Why is it that a person born with male anatomy can self-identify and live as a woman, but someone born into a Czech-German body can't self-identify as African-American? Is gender identity a construct, while racial identity is inextricably connected to one's biology?
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These are questions I have been wrestling with since the Rachel Dolezal story set off a firestorm of negativity and derision, while Caitlyn Jenner’s courageous and beautiful act of honest self-expression was widely – and rightly – celebrated. I am, of course, not the only one who has been considering these questions in recent days (I found Adolph Reed, Jr.’s take especially compelling). A candid examination of the issues imparts important wisdom for the Jewish community specifically, and, I think, all of us.
Jenner's “coming out” was a victory for what sociologists term the "sovereign self,” that each and every individual has the moral right to identify themselves in whatever way feels most authentic to who they are and to live in accordance with that self-determined identity. Our biology need not dictate our destiny, and who we know ourselves to be on the inside is more important than what we look like on the outside, regardless of what anyone else says, or how anyone else seeks to label us. Does the Dolezal case exemplify the limit to this notion of the "sovereign self?"
It is easily within the realm of possibility that a person of Czech-German ancestry could identify as “black.” Ancestry, is but an element of one’s biology. Race, and even ethnicity, on the other hand, is, much like gender, a social construct. It has no demonstrable or factual standards for verification apart, perhaps, from some external biological features (like skin color, or geographic place of origin) that are usually assumed to apply, except for when they don’t. Rather, race is in the mind, both in that of the individual who might identify as a particular race, and in the mind of the broader society, which, for various reasons, has historically expressed an interest in identifying categories of people and trying to neatly place people into those categories it has created for them.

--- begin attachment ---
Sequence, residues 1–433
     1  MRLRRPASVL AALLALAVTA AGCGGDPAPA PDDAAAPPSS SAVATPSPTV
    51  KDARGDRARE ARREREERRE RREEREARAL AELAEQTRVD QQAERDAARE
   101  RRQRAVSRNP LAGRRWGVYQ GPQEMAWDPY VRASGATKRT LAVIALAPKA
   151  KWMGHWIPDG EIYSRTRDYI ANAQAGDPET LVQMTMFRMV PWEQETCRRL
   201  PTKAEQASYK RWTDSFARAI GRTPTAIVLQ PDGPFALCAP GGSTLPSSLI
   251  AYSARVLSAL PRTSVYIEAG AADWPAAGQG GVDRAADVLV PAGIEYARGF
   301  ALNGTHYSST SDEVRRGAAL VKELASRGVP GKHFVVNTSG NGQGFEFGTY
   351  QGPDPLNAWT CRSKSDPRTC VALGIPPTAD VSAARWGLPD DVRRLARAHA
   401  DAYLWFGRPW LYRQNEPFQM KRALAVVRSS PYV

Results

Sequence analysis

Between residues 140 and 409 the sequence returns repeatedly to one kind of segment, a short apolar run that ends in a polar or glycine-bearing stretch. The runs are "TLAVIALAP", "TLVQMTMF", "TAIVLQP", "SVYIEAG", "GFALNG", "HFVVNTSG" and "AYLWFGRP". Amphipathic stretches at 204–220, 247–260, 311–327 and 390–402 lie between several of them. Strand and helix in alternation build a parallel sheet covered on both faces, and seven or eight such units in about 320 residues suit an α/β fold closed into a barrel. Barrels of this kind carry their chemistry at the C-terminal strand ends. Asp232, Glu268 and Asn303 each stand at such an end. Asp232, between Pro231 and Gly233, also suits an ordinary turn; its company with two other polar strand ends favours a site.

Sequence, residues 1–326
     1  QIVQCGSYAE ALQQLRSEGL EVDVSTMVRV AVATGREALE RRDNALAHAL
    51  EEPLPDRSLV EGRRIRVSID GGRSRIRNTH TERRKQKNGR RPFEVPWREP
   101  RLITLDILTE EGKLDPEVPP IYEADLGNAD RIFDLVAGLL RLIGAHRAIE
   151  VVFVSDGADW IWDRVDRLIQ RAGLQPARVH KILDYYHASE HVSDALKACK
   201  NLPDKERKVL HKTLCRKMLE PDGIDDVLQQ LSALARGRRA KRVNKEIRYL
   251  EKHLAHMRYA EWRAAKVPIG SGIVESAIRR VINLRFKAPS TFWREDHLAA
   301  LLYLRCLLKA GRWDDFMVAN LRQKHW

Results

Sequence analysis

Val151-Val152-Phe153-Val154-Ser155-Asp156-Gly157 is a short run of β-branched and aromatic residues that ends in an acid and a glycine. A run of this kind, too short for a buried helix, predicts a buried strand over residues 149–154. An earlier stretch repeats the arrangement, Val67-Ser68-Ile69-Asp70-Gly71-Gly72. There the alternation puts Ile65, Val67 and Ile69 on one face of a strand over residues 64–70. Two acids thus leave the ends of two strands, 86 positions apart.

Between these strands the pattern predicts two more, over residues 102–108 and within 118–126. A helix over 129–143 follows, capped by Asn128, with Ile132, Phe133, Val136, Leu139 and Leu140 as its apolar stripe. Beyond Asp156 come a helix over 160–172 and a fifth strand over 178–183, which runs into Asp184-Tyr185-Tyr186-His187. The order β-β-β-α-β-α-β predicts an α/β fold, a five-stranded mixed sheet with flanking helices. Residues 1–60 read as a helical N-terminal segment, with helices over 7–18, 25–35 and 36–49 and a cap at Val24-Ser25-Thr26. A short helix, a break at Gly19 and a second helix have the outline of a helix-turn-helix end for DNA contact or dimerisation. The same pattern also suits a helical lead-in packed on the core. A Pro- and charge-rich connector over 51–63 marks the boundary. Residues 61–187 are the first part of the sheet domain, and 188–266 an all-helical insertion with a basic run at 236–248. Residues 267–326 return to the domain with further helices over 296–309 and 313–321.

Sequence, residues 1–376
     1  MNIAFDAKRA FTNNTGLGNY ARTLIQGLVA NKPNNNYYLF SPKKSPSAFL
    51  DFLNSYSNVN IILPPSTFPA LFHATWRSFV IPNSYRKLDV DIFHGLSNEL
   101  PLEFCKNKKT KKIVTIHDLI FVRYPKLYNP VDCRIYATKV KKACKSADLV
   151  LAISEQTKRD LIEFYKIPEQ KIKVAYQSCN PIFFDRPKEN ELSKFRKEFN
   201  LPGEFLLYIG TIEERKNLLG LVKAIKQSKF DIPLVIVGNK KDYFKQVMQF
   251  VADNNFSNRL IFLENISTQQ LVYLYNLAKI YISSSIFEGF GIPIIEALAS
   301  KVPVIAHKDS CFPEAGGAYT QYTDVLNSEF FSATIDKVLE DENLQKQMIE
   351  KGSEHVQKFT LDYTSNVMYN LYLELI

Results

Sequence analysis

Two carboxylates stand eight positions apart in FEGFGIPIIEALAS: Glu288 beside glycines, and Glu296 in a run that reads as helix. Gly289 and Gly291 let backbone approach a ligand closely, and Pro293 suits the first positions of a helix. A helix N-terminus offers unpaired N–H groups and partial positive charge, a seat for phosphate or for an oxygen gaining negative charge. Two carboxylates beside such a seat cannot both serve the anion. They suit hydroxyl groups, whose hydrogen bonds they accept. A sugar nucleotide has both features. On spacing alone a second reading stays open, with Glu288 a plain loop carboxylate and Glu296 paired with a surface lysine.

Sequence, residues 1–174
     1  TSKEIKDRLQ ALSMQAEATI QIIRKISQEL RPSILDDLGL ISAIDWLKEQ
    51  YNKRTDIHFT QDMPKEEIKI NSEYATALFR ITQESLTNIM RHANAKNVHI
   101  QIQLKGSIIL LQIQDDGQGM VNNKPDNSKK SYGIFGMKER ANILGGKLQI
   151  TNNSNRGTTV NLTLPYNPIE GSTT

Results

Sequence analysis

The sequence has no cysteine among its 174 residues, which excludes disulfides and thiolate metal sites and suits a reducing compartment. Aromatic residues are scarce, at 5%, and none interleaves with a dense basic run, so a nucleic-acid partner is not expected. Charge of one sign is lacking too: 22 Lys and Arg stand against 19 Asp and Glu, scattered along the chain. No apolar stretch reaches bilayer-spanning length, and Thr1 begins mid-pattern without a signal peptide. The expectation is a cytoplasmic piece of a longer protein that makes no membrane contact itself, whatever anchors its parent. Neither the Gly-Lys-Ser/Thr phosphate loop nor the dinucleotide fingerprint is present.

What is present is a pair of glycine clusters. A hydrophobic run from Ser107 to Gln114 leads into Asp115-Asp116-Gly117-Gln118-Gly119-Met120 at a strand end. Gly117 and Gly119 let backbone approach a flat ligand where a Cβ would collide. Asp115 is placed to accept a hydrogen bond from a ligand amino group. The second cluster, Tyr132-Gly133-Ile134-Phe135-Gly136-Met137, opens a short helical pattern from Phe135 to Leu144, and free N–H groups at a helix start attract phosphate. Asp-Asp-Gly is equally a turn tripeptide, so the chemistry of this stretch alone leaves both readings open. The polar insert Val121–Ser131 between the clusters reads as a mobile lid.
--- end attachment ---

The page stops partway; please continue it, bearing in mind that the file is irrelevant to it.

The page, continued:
The problem, however, is that human beings, created in the image of a boundless God, are virtually infinite in their complexity. We thus frequently defy those neat categories in which society longs to place us. What if Dolezal didn't fabricate her racial identity, but rather expressed an understanding of her identity that was more composite, more complicated, and more fluid than the typical social categories allow? In other words, what if she checked off the box saying "black" because she genuinely felt black and/or because there are aspects of her biography that make her feel more black than not?
What if, instead of assuming Dolezal is a fraud, we acknowledged that all of us have, to varying degrees, composite identities, and some of us identify in ways that are at variance with our biology, even if those ways aren’t always publicly recognized or socially acceptable? What if we acknowledged the fact that, at some point or another, each of us ends up checking off boxes because our social systems ask us to, even though those boxes don't fully articulate who we are? And what would it look like if, instead of trying to label people as this or that identity, or worry about who we are placing in the right category, we honored each individual in the fullness of their complexity and in the dignity of their own self-determination?